When there is 1 zero in number you get 10 numbers.
    When there are 5 zeroes you get 2 numbers.
    Now find for cases when there is 2,3,4 zeroes
     
  8. Feb 22, 2015 #7

    haruspex

    User Avatar
    Science Advisor
    Homework Helper
    Gold Member
    2016 Award

    No, I wasn't asking you to spot a pattern, though that could help. If you wish to pursue that, start with n=0, and your n=4 is wrong.
    I was suggesting to find a general relationship between ##f_n## and its predecessors. For an n digit sequence, the first is 0 or 1. If it is 0, how many ways of filling in the remaining n-1 positions? If the first digit is 0, how many ways?
     
  9. Feb 22, 2015 #8

    haruspex

    User Avatar
    Science Advisor
    Homework Helper
    Gold Member
    2016 Award

    There's an easier way.
     
  10. Feb 22, 2015 #9
    In an n digit sequence, If I fix first digit as zero, then I have to find the number of ways of filling the n-1places by 0 or 1 such that no zereos are adjacent.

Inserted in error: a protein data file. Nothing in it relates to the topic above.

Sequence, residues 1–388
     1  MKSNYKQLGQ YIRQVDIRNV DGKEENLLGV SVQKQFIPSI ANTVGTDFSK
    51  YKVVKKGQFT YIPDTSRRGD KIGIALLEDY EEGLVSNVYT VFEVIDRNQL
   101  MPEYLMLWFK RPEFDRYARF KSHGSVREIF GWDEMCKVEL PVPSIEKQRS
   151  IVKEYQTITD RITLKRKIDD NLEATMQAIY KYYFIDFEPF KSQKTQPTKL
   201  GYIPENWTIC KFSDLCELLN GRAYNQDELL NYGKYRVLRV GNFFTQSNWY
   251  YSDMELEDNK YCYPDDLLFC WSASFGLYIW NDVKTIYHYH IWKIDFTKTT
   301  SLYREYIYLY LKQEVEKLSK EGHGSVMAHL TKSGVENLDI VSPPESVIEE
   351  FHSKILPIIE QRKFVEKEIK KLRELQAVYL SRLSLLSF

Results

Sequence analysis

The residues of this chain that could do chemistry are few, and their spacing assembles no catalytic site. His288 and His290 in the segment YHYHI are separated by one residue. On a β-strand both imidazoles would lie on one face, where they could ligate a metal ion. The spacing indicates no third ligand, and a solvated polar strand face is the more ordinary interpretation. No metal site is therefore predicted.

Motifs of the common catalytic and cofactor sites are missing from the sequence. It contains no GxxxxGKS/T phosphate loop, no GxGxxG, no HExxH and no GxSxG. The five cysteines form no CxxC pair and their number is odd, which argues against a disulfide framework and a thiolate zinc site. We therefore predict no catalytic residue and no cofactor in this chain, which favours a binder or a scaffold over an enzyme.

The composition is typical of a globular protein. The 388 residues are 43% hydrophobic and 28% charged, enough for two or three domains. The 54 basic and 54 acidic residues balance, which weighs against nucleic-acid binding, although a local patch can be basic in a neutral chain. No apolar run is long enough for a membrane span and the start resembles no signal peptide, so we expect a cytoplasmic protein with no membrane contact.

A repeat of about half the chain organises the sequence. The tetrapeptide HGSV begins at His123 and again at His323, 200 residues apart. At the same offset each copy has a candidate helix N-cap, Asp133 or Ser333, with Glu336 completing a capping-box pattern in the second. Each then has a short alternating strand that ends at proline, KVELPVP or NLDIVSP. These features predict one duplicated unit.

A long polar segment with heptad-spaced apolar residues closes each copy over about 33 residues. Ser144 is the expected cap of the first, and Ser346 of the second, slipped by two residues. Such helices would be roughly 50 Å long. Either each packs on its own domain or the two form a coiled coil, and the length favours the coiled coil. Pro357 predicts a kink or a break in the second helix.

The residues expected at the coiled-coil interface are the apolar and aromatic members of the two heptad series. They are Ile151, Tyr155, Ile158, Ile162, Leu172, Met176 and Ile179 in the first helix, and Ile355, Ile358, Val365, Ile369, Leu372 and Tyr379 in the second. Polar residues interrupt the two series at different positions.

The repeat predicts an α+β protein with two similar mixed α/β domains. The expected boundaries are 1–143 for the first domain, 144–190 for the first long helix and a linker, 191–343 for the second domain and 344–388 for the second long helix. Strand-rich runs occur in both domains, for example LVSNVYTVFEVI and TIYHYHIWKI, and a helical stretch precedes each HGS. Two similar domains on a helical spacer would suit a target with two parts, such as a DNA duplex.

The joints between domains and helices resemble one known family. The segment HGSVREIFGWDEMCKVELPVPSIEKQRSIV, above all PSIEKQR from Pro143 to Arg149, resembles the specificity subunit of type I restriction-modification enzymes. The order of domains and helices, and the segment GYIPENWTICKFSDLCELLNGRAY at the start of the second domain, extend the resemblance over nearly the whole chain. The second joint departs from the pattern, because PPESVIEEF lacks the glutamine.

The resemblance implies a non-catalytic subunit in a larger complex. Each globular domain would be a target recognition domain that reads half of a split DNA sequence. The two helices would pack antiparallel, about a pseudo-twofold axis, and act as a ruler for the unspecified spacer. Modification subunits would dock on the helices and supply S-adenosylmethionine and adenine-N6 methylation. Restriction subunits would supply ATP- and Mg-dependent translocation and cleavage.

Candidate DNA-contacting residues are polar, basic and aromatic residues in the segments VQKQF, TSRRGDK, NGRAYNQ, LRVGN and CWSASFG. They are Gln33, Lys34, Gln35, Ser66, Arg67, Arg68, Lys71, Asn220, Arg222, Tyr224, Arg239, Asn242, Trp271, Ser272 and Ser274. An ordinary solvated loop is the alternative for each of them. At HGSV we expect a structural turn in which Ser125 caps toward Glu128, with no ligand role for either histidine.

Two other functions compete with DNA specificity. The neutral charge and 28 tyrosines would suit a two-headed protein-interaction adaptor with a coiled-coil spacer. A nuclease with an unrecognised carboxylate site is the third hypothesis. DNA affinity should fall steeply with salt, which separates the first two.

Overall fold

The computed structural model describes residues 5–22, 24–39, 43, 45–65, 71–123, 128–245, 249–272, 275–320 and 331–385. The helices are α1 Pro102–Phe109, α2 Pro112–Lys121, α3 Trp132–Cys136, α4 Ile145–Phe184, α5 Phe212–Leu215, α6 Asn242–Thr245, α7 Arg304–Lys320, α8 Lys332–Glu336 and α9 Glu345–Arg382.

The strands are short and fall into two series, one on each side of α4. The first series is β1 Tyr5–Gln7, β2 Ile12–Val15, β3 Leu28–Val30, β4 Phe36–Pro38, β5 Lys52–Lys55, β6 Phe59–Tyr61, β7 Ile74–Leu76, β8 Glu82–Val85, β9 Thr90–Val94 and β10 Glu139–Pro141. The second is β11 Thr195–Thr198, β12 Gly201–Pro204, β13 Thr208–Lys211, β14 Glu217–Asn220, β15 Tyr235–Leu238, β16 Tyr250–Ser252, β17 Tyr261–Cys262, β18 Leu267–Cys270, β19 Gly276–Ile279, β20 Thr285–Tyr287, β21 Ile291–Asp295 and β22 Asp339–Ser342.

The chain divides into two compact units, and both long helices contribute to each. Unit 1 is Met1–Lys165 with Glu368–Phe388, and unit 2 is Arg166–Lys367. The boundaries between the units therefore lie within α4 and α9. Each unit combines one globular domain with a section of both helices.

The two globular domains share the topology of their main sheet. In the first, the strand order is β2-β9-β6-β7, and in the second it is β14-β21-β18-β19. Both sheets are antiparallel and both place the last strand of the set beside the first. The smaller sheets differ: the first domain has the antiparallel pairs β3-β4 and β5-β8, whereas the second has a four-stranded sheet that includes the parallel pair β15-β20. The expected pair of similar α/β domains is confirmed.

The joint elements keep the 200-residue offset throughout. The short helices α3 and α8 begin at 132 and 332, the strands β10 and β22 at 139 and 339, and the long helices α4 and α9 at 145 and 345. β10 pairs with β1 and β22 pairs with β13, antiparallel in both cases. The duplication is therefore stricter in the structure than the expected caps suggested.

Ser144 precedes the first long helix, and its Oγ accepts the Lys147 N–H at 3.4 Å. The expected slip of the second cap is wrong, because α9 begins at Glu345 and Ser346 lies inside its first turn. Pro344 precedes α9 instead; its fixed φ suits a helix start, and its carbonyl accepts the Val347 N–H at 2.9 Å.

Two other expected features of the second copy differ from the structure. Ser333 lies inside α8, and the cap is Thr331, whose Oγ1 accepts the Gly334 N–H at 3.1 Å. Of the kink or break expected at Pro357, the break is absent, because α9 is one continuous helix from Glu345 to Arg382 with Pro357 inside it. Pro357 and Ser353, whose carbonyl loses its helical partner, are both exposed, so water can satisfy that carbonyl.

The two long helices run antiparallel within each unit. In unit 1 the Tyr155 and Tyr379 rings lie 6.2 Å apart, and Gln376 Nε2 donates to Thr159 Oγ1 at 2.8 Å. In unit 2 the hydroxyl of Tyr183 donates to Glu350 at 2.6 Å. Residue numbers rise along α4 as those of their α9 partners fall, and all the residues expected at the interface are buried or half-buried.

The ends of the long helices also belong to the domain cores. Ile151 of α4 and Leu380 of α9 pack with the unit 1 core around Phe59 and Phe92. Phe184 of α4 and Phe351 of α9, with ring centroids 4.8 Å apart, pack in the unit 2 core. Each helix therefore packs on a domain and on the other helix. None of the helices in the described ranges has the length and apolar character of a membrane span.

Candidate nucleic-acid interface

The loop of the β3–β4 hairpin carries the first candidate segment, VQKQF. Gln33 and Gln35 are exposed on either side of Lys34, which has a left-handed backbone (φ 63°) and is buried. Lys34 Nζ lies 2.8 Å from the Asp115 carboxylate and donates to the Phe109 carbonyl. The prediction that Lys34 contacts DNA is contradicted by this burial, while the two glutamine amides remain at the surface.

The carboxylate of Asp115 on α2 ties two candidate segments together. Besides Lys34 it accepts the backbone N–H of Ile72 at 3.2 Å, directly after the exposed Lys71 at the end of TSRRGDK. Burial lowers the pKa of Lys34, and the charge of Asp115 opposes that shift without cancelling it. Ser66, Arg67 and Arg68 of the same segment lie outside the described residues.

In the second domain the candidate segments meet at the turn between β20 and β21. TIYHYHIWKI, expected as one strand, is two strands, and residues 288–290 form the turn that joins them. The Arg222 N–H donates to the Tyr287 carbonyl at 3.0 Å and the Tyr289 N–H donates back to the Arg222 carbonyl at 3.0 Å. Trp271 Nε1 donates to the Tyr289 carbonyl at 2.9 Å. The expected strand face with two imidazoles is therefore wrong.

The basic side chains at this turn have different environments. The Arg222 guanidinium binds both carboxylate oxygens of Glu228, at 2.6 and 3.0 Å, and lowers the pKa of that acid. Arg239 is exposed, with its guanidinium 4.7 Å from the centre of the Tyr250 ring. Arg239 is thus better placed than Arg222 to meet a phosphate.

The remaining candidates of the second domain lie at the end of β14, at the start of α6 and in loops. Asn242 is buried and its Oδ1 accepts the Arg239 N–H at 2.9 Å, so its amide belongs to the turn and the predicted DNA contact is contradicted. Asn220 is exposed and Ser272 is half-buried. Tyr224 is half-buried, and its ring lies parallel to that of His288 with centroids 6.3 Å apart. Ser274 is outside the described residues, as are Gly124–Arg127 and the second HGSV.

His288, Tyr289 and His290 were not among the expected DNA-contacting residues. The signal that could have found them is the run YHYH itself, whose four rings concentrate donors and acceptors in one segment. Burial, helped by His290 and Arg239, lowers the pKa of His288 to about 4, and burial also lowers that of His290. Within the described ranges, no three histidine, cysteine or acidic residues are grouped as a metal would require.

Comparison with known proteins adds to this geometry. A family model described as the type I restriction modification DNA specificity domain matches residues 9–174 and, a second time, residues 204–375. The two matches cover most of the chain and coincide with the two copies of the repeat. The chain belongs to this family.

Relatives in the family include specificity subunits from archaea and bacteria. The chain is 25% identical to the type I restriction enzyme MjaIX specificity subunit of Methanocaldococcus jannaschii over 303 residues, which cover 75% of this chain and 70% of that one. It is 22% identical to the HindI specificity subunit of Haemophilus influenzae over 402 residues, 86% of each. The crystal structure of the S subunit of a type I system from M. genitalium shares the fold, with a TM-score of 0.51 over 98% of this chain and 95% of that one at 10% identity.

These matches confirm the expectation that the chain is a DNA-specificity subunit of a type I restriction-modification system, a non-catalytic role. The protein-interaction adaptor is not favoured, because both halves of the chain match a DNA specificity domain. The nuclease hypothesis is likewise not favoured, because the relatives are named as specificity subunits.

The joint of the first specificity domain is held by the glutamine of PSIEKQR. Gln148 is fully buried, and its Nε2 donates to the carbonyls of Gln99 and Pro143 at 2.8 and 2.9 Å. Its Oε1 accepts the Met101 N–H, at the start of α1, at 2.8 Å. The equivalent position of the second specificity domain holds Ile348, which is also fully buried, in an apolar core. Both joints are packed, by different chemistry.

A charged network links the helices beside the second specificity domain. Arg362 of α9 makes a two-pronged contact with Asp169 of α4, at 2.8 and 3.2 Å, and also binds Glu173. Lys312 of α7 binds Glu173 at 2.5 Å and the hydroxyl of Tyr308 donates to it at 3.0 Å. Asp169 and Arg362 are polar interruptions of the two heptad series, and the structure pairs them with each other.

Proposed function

the second digit hast to be 1.
    the third digit has 2 choices.
    I am not able to find the relation.
     
  11. Feb 22, 2015 #10

    haruspex

    User Avatar
    Science Advisor
    Homework Helper
    Gold Member
    2016 Award

    OK so far. Having set the first two digits as 01, how does the number of possibilities for the remaining digits compare with ##f_{n-2}##?
    What about the case where the first digit is selected as 1?
     
  12. Feb 22, 2015 #11
    when first digit is 1, second digit is 1 or 0.
    second digit 0 -> 3rd digit 1 and second digit 1 -> 3rd digit 1 or zero.
     
  13. Feb 22, 2015 #12

    haruspex

    User Avatar
    Science Advisor
    Homework Helper
    Gold Member
    2016 Award

    Yes, but that's not what I asked. Let's take the easier case first. If you fill in the first digit of the n as '1', how would you describe the rules for filling in the remaining digits? How does that compare with the rules for filling in the n digits (i.e. 'no two consecutive zeroes'?)
    [What I'm trying to get you to find is what is called a recurrence relation. Have you ever heard of these?]
     
  14. Feb 22, 2015 #13